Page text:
Thanks, and sorry for the off topic post.
Cordially,
tr
Dan Watkins
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Thimblerig,

You asked a question which I will probably have to be a little lengthy about. I will post it here in case others are curious about the same thing.

You don't necessarily need a digital camera. You do need a way however, to capture video into a digital format.

The older way to do it is to buy a PCI computer video capture card that has analog inputs (composite video or S-video – much like hooking a camcorder up to a TV or VCR to view it). You can still buy these capture cards, but lately for analog to digital conversion to capture into a computer, there is a surge of USB based adapters.

Let me use a well known consumer electronics store like Best Buy to point at a few items.

Their line up of computer video editing stuff can be found at this link
expired link. Click here to search the main site

To just take a regular old camcorder or VCR and hook it up to a computer and capture some video, you can do that as cheap as $50 bucks with a product like this one:
expired link. Click here to search the main site

Video is captured at about half the size of a regular TV video image, which is fine for stuff on a computer on the internet. These low priced solutions usually provide simple video editing programs that let you convert your video into various formats such as Windows AVI, MPEG, Quicktime, Streaming video such as Real Player and Windows Streaming Video.

If you have a digital camcorder, they have an interface called IEEE 1394 (also known as Firewire or i.Link). Since digital camcorders record in a digital format called “DV” short for “Digital Video”, there is no analog to digital conversion needed to capture it into a computer. You just need to buy an IEEE 1394 Firewire board for your computer. Plug the cable between the camcorder and the computer, and record to your hard drive. The advantage here is that you can capture full speed full screen digital video with no quality loss. It's not that important for making video for the internet, but if you want to digitally edit your video then export it back to tape, you need to have the full motion, full size video.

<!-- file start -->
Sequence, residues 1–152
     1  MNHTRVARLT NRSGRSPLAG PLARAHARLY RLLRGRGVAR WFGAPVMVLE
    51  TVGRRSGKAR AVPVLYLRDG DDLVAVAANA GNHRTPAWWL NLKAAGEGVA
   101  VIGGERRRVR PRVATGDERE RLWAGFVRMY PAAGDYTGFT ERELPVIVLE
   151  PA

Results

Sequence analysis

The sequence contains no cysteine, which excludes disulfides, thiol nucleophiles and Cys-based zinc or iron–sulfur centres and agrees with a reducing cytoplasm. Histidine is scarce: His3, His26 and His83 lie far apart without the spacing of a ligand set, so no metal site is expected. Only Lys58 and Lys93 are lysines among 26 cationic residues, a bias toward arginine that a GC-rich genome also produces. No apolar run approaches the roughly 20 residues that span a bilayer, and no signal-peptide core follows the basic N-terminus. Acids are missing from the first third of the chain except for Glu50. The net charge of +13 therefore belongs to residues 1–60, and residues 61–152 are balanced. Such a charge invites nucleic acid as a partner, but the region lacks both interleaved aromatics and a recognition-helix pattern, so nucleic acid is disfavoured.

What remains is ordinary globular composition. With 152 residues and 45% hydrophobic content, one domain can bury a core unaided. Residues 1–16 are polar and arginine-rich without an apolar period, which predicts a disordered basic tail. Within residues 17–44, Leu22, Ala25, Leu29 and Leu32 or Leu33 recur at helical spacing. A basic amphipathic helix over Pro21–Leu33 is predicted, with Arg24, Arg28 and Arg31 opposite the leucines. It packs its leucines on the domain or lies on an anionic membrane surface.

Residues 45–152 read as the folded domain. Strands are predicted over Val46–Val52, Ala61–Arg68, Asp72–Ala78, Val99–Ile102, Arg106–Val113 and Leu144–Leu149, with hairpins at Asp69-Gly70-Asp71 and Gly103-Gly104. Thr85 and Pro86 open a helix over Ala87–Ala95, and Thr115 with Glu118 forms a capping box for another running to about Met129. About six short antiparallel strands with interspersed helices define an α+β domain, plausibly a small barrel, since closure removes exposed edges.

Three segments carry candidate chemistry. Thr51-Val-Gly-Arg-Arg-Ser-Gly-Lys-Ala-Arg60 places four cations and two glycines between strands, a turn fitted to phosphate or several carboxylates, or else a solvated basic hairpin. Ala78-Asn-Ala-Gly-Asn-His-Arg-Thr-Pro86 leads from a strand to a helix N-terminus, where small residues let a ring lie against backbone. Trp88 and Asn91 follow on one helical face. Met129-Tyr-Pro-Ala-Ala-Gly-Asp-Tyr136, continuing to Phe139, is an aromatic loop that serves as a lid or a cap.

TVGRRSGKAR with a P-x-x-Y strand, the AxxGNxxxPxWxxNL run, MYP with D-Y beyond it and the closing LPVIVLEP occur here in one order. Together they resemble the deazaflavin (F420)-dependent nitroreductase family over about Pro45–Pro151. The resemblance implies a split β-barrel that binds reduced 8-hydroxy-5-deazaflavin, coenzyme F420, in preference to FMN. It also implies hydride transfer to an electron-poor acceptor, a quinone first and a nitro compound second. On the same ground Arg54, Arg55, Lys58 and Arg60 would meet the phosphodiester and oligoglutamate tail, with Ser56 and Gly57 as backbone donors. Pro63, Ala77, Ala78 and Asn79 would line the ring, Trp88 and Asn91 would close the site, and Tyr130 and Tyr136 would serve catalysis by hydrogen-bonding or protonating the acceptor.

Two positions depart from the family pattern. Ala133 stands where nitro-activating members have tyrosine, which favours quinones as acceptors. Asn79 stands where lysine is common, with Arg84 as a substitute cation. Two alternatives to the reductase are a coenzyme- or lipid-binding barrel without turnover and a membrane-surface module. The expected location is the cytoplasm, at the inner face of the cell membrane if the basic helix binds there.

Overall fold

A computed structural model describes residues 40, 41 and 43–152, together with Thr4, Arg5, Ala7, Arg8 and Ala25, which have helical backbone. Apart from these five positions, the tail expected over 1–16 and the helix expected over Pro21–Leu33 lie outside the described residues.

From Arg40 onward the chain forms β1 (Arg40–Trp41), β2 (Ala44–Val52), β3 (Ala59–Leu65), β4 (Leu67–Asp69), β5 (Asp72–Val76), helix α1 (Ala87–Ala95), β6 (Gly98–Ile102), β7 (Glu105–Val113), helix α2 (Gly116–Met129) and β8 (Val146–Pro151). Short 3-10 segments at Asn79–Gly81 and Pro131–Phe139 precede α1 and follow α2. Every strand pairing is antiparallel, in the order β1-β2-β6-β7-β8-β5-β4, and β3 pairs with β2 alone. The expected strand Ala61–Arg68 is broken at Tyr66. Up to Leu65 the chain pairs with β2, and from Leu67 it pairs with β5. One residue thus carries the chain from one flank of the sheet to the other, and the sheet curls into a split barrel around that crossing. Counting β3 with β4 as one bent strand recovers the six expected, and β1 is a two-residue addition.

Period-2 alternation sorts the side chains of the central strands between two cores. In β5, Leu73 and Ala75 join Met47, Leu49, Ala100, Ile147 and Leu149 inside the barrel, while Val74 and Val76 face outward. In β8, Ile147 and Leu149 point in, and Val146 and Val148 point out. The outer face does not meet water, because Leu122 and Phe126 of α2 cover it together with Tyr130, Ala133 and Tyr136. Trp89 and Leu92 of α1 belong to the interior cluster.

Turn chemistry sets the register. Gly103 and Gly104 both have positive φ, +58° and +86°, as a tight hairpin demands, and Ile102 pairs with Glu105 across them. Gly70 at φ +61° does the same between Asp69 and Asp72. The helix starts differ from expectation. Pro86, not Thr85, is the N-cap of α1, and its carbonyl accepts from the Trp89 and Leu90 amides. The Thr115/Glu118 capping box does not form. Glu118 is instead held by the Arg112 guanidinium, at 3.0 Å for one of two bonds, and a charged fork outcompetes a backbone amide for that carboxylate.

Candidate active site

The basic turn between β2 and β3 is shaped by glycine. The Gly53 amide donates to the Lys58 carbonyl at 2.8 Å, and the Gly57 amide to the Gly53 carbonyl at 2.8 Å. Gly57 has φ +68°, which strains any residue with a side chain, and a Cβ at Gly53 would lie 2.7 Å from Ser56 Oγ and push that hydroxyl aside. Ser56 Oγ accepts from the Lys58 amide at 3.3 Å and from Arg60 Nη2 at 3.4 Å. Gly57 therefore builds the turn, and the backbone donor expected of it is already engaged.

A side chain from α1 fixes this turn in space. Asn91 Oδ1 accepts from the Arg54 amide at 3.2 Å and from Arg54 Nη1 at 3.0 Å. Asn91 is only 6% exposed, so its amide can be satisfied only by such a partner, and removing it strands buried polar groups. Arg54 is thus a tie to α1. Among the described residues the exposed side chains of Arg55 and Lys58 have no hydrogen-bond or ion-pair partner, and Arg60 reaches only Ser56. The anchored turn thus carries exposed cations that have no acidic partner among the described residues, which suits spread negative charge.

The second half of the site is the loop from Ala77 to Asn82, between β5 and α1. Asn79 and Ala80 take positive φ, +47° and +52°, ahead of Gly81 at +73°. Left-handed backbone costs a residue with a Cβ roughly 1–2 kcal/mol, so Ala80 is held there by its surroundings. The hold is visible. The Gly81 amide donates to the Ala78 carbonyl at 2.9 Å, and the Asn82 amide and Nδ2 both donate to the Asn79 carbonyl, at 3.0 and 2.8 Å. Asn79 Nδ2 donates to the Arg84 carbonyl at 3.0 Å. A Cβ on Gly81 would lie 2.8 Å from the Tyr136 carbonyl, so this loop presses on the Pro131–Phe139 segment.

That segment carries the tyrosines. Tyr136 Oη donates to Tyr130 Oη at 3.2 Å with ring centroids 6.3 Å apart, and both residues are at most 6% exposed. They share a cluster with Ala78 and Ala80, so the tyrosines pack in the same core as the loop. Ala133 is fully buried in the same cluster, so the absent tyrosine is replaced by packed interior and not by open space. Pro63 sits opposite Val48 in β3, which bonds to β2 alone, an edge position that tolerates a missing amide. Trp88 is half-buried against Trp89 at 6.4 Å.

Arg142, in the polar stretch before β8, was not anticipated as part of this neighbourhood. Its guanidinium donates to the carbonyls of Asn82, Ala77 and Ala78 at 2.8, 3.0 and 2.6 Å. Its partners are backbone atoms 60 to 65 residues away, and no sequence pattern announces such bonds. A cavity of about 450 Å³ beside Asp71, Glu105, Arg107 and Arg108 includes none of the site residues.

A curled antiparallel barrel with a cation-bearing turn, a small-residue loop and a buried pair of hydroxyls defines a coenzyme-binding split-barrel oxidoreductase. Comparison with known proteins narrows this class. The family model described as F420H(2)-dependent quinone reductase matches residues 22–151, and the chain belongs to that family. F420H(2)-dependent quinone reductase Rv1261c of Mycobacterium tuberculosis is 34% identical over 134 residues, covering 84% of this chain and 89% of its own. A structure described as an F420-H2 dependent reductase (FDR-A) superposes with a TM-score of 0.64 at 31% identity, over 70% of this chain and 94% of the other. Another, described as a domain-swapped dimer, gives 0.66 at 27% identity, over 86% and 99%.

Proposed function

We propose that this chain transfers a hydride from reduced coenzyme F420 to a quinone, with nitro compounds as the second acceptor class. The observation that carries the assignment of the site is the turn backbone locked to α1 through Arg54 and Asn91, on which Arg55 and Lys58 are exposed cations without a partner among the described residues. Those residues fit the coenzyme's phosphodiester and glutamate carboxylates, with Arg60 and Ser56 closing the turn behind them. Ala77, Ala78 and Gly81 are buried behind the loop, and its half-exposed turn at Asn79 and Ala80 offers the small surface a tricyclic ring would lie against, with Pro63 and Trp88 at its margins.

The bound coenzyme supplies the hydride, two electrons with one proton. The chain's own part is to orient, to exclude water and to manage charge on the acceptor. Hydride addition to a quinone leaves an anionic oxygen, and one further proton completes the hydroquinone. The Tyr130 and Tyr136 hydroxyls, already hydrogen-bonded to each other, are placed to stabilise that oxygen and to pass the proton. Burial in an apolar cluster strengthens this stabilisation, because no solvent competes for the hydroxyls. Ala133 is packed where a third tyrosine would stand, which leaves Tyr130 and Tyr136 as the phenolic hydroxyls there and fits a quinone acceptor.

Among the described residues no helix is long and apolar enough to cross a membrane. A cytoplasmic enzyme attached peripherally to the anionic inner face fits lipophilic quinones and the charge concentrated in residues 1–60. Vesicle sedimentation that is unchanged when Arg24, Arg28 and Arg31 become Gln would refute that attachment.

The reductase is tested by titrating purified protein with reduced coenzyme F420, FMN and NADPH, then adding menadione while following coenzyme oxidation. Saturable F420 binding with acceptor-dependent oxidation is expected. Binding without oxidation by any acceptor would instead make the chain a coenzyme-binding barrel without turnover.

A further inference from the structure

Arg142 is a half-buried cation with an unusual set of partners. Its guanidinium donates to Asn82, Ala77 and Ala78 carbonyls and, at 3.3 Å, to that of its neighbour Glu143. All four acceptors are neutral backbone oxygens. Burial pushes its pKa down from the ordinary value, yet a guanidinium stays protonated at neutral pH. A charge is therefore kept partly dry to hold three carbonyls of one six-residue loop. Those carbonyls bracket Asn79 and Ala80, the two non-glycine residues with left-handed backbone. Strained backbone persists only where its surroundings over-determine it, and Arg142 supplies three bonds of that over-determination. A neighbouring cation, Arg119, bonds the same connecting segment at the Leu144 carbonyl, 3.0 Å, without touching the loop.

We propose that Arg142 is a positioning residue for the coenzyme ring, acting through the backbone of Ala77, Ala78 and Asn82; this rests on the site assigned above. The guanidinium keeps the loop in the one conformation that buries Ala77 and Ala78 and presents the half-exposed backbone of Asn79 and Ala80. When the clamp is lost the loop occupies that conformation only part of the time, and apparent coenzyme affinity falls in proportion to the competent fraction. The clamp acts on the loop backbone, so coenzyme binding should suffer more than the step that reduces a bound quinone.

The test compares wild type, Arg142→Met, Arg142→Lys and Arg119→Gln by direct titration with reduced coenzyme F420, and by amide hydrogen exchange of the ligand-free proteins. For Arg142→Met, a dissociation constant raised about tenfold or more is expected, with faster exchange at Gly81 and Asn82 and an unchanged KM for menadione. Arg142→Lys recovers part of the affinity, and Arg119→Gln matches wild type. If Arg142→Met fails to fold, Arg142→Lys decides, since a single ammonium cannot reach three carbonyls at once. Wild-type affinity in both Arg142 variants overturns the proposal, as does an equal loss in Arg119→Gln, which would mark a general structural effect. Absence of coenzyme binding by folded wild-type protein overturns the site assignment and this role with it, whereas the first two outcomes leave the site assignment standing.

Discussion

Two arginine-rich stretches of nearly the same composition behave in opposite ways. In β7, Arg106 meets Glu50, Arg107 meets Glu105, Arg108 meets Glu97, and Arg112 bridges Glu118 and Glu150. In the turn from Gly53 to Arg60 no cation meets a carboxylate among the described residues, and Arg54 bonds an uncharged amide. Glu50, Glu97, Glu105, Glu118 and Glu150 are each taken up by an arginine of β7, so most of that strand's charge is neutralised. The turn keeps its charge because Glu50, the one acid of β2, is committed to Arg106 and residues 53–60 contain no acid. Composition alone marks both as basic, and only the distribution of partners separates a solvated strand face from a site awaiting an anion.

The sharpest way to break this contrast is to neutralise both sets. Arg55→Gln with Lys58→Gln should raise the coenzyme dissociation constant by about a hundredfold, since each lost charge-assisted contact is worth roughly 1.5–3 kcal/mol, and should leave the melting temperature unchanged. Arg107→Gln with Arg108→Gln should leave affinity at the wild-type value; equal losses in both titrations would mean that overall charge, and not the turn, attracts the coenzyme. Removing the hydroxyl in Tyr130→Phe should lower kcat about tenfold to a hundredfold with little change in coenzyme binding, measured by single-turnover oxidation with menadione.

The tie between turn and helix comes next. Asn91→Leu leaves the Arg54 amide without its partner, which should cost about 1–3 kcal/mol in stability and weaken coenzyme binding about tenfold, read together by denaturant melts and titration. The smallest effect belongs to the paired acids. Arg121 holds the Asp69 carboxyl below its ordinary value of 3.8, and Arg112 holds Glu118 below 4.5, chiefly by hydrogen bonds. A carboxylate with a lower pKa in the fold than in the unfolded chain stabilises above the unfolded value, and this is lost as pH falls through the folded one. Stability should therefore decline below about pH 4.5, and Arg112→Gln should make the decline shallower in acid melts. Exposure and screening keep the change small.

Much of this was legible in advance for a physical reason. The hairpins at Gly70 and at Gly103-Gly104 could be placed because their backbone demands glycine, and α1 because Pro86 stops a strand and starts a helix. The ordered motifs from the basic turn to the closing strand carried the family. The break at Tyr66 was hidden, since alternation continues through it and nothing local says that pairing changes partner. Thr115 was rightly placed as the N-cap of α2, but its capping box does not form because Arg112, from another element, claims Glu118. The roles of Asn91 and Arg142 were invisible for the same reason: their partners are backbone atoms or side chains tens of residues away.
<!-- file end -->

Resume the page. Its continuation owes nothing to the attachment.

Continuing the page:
I personally have a Digital Camcorder that I use with this package…

expired link. Click here to search the main site

It's one of the more expensive consumer video packages, but it includes Adobe Premiere which is typically sold at over $500.00. I like Premiere, it is really flexible with how you can edit the digital video, add different types of transitions, different sound tracks, export back to tape, or export into most known computer video formats. I chose Windows Streaming video for my website.

After I create the video file, I upload it to my website. Once it is there–I can email the link or post it in a forum such as this. If you click the link, you open the file which resides on the internet on my website.

There it is in a nutshell – it's almost magic Smile

Dan
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thimblerig
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Bellevue, WA
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Dan,
Thanks so much for the information. I just got a digital video camera and am experimenting with it. The software you suggested sounds great. I will be buying a new computer in the next 3-4 months and will include in my budget the ADS software you suggested. Had used analog video previously to mail effects to my friends and improve my work, but this is way better (besides the analog camera died!).

Best regards,
tr
Smile